21

22

23 A lot of information.... How can we use it? Which qualities relate to the heart? What do we want young people to be able to do? What do we want young people to know? What does it tell us about: Aims? Values? Competencies? The school curriculum? Who should be engaged in the process? The more stakeholders / groups the better? It always leads to some valuable discussions

24

25 Somewhere Primary School Strengths of our pupils They are... Thoughtful Articulate Literate Numerate Creative Happy Confident Caring and empathetic Friendly Good social skills Areas for Development We aim to encourage our pupils to be more... Independent and self motivated Resourceful Resilient Responsible Creative Have greater respect for property Have a bigger picture of the world

26 Theory into practice If we want learners to be more…. Independent and self motivated Resourceful Resilient Responsible Creative The curriculum must…. ???

27 MathsEnglishScienceGeography History REPE Music Languages Art & Design Design Technology Computing

28 Maths EnglishScience Geography PEHistoryRE Music LanguagesArt & Design Design Technology Computing

29 Planning the school curriculum Lessons Themes Field study Pupil responsibility: routines Subject-focused lessons Working with artistResidential Visit Local studySchool garden Newspaper Coaching Expertise of staff After school activities Community projects Museum Visits Assemblies

30 Planning the school curriculum Lessons Themes Field study Pupil responsibility: routines Subject- focused lessons Working with artistResidential Visit Local studySchool garden Newspaper Coaching Expertise of staff After school activities Community projects Museum Visits Assemblies Subject areas Key skills Personal development Competencies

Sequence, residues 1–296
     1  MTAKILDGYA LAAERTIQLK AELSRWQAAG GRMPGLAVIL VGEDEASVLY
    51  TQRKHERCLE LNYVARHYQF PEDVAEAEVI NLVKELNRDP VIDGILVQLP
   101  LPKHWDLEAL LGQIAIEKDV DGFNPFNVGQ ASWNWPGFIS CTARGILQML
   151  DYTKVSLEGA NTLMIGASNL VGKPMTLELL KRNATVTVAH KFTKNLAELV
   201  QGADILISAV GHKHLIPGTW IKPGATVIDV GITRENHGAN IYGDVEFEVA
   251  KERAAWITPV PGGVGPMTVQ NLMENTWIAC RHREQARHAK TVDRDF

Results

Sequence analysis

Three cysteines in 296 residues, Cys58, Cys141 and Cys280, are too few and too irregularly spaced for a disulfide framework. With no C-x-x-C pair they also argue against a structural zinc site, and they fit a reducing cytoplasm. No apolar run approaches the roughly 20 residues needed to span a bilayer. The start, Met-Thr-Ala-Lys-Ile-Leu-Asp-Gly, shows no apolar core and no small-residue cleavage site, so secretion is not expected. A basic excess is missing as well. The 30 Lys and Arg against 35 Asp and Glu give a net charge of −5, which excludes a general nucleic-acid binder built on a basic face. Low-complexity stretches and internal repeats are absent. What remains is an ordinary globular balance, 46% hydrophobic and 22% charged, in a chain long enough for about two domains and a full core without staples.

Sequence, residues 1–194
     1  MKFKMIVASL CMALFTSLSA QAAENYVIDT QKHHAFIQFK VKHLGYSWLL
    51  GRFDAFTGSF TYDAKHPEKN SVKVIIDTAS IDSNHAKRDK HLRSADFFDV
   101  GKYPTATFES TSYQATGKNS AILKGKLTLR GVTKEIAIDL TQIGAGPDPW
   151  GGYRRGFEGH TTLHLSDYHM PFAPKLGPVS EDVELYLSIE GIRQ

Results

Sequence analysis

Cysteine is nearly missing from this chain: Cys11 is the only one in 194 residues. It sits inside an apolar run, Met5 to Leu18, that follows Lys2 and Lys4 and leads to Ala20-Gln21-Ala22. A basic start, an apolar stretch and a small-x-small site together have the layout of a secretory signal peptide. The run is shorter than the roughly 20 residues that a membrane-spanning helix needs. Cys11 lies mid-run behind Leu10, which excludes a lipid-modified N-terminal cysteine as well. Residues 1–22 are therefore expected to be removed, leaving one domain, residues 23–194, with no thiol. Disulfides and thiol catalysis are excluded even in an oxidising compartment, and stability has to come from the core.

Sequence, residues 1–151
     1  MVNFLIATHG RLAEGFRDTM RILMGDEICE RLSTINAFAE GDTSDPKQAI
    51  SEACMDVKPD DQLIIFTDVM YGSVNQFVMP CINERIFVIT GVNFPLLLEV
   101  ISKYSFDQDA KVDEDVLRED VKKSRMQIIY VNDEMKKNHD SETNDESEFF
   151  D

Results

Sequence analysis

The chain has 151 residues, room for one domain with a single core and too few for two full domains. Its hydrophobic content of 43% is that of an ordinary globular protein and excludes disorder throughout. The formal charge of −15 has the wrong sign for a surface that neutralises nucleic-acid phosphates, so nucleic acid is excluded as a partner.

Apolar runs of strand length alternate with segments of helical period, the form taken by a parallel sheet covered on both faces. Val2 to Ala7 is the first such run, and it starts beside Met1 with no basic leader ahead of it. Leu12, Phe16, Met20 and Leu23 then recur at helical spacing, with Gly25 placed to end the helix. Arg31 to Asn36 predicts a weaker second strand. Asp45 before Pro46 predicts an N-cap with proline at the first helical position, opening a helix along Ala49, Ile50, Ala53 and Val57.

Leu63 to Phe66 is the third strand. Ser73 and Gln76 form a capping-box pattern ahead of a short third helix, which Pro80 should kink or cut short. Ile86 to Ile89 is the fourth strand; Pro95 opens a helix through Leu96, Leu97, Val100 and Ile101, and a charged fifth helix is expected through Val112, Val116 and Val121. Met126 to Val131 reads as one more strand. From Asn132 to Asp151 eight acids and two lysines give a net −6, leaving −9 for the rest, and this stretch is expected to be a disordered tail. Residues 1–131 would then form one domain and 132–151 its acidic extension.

31 A joined-up curriculum Lessons Themes Field study Pupil responsibility: routines Subject-focused lessons Working with artistResidential Visit Local studySchool garden Newspaper Coaching Expertise of staff After school activities Community projects Museum Visits Assemblies

32 Standardised units (60 min sessions) Metronomic Classroom Serial experiences Narrow range T/L Learner as receiver Teacher The class Content and coverage Towards the test Flexible: Time matched to learning need Regular/often – deep/immersive Range of locations – flexible spaces - permeable school – cyber- space Connected and interdisciplinary Wider range of approaches – project-based, enquiry-based, co-constructed, student initiated School as broker – employer, artist, poet, community, peers - other goupings Outcomes and impact Towards lifelong learning Organising learning in a curriculum for the future When? Where? How? Who? What? C20 th C21 th